Jackson, Havens, KSO do right by Pink Floyd

Harold DuckettArts 865

When lead singer Randy Jackson walked on stage at the Civic Auditorium last Saturday night to begin the KSO Pops concert of the music of the British rock band Pink Floyd, there wasn’t the cool breeze of charisma blowing out into the audience that one expects with rock stars like Mick Jagger or Bono.

Actually, although Jackson (not the longtime “American Idol” judge, nor the youngest brother of the Jacksons) was the front man, he wasn’t the star of the show. That role belonged to conductor and arranger Brent Havens, who owns this symphonic version of Pink Floyd’s concert music, along with 13 other shows of rock and pop music he has built to be performed with symphony orchestras.

Guitarist George Cintron

But Havens did his best to avoid the limelight. Dressed in black and with his back to the audience most of the time while he conducted the orchestra, he hardly spoke at all. His ensemble of musicians – singer Jackson, bass player Dan Clemens, drummer Powell Randolph, guitarist George Cintron, backup vocalist John Hines, sax player Eddie Williams and keyboardist and backup vocalist Kathryn Key – also perform symphonic rock shows of the music of Queen and Led Zeppelin, among others.

Trained in the world of classical music, Havens aims to both display the innate musical qualities of the great rock bands and get fans of rock music to a concert of symphonic music, likely the first symphony concert many in his audiences have ever attended.

As with his other symphonic rock ventures, Havens’ band of musicians played Pink Floyd’s music verbatim, with Havens arranging the orchestra’s instruments mixed in.

Drummer Randolph’s hot percussion solo, early in the show, was how Pink Floyd drummer Nick Mason would have played it. So were the sizzling guitar solos of Cintron, following Pink Floyd guitarist David Gilmour, and sax player Williams’ scorching solos, following the playing of Pink Floyd’s Dick Parry.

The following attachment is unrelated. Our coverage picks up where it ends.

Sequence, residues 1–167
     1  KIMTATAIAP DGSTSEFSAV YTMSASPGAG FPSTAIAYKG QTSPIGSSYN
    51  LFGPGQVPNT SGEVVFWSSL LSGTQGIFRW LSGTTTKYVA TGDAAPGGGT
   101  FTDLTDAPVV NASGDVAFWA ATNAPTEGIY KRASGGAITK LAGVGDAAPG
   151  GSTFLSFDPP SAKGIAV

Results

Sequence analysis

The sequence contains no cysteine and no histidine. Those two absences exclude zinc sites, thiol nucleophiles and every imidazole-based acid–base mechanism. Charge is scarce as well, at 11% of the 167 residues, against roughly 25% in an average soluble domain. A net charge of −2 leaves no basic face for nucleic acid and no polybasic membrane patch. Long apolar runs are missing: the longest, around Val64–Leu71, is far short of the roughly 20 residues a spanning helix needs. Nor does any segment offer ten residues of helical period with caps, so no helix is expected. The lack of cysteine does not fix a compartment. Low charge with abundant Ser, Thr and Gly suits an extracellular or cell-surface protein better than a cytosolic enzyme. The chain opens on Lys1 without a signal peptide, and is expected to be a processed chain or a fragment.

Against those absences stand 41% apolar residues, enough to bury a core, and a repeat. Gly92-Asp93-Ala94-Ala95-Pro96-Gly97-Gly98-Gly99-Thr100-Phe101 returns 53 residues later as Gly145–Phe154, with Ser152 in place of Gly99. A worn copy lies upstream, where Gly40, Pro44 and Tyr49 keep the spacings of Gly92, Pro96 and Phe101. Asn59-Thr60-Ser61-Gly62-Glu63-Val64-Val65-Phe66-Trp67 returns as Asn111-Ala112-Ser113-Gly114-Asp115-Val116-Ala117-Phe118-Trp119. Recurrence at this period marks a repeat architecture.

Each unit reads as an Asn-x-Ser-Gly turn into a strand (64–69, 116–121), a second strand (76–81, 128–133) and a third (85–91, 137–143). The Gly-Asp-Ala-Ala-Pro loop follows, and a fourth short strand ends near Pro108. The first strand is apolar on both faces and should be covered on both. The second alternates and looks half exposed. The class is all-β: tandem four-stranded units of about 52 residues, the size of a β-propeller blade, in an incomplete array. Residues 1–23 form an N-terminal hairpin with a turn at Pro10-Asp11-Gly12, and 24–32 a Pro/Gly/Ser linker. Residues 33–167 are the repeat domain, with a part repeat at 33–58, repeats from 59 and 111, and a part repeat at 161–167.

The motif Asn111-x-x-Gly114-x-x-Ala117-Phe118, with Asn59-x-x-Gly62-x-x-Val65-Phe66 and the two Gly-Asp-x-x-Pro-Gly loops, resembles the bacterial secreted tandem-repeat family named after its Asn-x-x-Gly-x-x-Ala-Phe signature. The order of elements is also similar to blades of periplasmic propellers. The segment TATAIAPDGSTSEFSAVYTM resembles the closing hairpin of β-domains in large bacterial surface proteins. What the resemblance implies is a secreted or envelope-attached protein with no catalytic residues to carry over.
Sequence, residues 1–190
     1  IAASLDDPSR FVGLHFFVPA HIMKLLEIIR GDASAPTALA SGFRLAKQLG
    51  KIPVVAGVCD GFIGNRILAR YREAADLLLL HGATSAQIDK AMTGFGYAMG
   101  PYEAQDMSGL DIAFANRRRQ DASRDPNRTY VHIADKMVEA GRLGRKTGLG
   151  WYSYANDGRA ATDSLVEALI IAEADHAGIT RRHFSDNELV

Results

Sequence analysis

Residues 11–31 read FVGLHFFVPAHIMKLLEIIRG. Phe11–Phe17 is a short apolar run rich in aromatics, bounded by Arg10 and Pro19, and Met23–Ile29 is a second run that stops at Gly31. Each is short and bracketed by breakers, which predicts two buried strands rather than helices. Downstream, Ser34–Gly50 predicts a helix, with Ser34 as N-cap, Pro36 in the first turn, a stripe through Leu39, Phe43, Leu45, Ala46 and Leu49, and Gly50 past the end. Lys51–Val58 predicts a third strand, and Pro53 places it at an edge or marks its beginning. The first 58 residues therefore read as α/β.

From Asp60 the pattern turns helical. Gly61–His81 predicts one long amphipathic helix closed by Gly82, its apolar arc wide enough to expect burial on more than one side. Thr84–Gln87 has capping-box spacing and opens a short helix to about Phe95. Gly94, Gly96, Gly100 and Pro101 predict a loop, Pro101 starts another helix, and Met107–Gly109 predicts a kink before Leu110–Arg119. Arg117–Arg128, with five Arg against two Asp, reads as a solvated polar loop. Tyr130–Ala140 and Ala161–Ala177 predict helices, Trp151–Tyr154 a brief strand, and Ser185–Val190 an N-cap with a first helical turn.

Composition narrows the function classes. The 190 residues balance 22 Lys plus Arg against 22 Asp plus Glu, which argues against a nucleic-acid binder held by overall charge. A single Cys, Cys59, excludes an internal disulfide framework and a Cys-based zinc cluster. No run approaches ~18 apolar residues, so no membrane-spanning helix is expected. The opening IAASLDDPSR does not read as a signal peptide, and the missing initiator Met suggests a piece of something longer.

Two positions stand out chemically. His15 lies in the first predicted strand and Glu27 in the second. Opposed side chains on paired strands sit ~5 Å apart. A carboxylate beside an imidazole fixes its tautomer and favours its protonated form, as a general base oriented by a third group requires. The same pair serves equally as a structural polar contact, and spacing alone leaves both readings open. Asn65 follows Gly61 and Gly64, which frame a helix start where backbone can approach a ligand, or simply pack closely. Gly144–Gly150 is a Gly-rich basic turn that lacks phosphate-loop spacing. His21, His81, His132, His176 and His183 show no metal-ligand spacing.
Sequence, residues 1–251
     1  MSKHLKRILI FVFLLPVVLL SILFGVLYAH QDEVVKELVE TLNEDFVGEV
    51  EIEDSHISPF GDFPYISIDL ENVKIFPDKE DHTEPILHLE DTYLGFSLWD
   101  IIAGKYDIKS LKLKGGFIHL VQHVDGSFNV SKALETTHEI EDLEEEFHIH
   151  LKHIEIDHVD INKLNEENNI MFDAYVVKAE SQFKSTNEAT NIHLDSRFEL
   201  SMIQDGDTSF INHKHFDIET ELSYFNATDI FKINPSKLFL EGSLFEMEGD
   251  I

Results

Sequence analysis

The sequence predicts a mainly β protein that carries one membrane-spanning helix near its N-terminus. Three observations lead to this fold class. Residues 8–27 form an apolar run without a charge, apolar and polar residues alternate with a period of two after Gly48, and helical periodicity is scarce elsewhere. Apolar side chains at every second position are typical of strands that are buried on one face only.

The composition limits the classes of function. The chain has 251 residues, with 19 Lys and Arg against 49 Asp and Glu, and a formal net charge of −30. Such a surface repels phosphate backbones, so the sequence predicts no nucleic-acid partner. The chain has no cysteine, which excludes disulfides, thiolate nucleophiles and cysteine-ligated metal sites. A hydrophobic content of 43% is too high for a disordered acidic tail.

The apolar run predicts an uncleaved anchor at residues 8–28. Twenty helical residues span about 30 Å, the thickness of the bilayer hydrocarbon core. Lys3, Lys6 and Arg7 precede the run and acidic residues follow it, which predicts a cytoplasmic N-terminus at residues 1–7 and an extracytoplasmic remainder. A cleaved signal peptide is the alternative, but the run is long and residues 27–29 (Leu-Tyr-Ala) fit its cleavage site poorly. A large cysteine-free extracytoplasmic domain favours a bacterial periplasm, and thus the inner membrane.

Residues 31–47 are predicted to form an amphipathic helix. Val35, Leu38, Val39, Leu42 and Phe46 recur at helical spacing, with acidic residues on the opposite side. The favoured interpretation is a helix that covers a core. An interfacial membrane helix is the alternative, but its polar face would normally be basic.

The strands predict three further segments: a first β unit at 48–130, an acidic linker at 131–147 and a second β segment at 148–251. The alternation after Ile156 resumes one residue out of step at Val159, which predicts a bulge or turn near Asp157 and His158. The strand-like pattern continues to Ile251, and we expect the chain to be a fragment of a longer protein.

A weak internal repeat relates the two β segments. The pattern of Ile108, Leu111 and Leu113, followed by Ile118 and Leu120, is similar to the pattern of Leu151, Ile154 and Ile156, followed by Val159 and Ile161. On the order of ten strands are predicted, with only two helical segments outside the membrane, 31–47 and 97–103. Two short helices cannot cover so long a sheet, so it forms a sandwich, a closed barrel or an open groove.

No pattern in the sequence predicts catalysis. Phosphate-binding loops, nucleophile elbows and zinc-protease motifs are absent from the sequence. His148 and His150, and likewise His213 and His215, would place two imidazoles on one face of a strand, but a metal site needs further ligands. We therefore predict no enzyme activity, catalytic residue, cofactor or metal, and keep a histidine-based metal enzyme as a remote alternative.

The program pretty much followed a run through Pink Floyd’s hit list, including, of course, music of 1973’s “Dark Side of the Moon,” with “Speak to Me/Breathe,” “On the Run,” “The Great Gig in the Sky,” “Money,” “Us and Them,” “Any Color You Like,” “Brain Damage” and “Eclipse” making up the entire first half of the program.

What came out of this was an understanding that, in the hands of a gifted arranger like Havens, rock music and symphonic music may not be that far apart. Except, of course, that symphonic music is the “long form” of ideas and stories, while rock music, by its nature, is the short form.

Singer Randy Jackson, joined by members of the audience conducting the orchestra and singing

To his credit, Jackson didn’t hog the spotlight. At one point during the evening, he knelt down next to KSO associate concertmaster Gordon Tsai and held the microphone close to Tsai’s violin for important solos.

In the second half of the program, Jackson summoned six audience members to come on stage. One of them had won a radio contest, the prize of which was to conduct the orchestra. The other five joined Jackson in singing, while Jackson knelt again, this time sharing his microphone with the clearly delighted amateur singers reveling in their 15 minutes of fame.

When all was said and done, the thoroughly entertained audience went home satisfied after Jackson, the band and the orchestra played encores of “Wish You Were Here” and “Run Like Hell.”

The Knoxville Symphony’s next concerts will be of an entirely different order, with tonight and Friday night’s pair of Masterworks concerts. KSO Concertmaster William Shaub will play Felix Mendelssohn’s “Violin Concerto in E Minor,” Op. 64, with popular guest conductor Mei-Ann Chen leading the orchestra.

The concert starts at 7:30 p.m. Plenty of time should be allowed for parking and security screening.

More information about both tonight’s concert and upcoming pops concerts can be found here. https://www.knoxvillesymphony.com.

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